1. Wire up the circuit as shown with the ammeter in place, observing the correct polarities. Set your meter selector switch for DC milliamperes. The "battery" in this case will be the round Flex Lab receptacles on your lab table which are connected to a DC power supply - DO NOT APPLY POWER until the circuit has been approved by the instructor.
2. After approval, apply power by connecting the wires to the DC receptacles and record the ammeter reading in milliamperes. Repeat the current measurement each of the other resistors by placing them in the circuit in place of the first one.
3. Disconnect the power leads and remove the ammeter from the circuit. Switch it to DC volts and connect it in parallel across the resistor. Reconnect the DC voltage and measure the voltage across the resistor. Repeat for the other resistors.
4. You now have voltage and current measurements for each resistor. Use Ohm's law to calculate the resistance for each resistor and compare the calculated value obtained from the labeling on the resistor or from the color code on the resistor.
B. Distribution of Current.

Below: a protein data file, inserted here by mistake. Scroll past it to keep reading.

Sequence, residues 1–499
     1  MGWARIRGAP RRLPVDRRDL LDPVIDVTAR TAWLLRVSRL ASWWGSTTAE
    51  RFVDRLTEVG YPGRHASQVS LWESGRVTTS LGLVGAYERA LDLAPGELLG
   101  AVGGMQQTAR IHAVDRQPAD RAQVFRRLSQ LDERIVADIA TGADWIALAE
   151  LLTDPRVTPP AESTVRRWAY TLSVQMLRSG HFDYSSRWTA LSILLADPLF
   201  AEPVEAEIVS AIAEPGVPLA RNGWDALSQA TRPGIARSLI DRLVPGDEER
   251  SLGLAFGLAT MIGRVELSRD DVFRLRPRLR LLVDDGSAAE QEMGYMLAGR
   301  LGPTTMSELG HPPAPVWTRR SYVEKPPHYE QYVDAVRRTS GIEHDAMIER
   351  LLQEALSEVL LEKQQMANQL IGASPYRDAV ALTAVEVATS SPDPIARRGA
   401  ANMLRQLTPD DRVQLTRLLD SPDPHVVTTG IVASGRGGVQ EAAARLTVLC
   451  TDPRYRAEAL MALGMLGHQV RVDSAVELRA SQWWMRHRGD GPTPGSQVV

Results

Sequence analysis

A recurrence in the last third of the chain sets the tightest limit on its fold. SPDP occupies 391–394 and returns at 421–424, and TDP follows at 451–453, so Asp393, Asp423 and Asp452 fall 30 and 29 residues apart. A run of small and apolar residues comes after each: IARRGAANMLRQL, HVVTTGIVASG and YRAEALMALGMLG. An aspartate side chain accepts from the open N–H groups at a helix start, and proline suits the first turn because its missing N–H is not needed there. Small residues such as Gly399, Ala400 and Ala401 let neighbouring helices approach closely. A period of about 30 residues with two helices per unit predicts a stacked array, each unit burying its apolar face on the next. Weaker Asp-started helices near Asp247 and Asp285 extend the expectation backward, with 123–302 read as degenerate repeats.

1. Form the series circuit shown below. Since you will again be using the meter as an ammeter, reset its selector switch to DC milliamperes. Make sure it is correct before applying power.
2. Wire the ammeter successively in locations 1,2 3 and 4 and record the current value in each location. Note that conventional current is taken to be clockwise in this circuit, while the electrons will be circulating counterclockwise. What can you conclude about the current in a series circuit from your measurements?
C. Distribution of Voltage
The circuit wired in Part B will now be used to measure voltages. The connections illustrated below will be used, but since you will be using the same meter for an ammeter and a voltmeter, the ammeter will not be in place when you are measuring the voltages.
1. Measure the voltage across each resistor in turn and across the entire circuit, as indicated by V4. Record the results.
2. Compare the sum of voltages across the individual resistors to the voltage across the entire circuit. What can you conclude about the voltage in a series circuit?
3. Use the voltages across each resistor obtained in Step 1 above and the currents obtained from Section B above, along with Ohm's Law, to obtain values for the individual resistances. Compare the values with the given values for the resistors.
4. From the total voltage measured in Step 1 and the total current measured in Section B, calculate the equivalent resistance of the entire circuit composed of the three resistors in series. Compare this result with the sum RA + RB + RC.
1. What functions does a wire serve? Are there insulators associated with your apparatus? What do they do?
2. What, if anything, flows through the wires?
3. Why must there be two connections to a battery and to a light bulb?
4. If you have a 120 volt appliance and 2 amperes of current flow through it, what is the power used by it in watts? What is its resistance in ohms?
5. Why are your household receptacles wired in parallel rather than in series?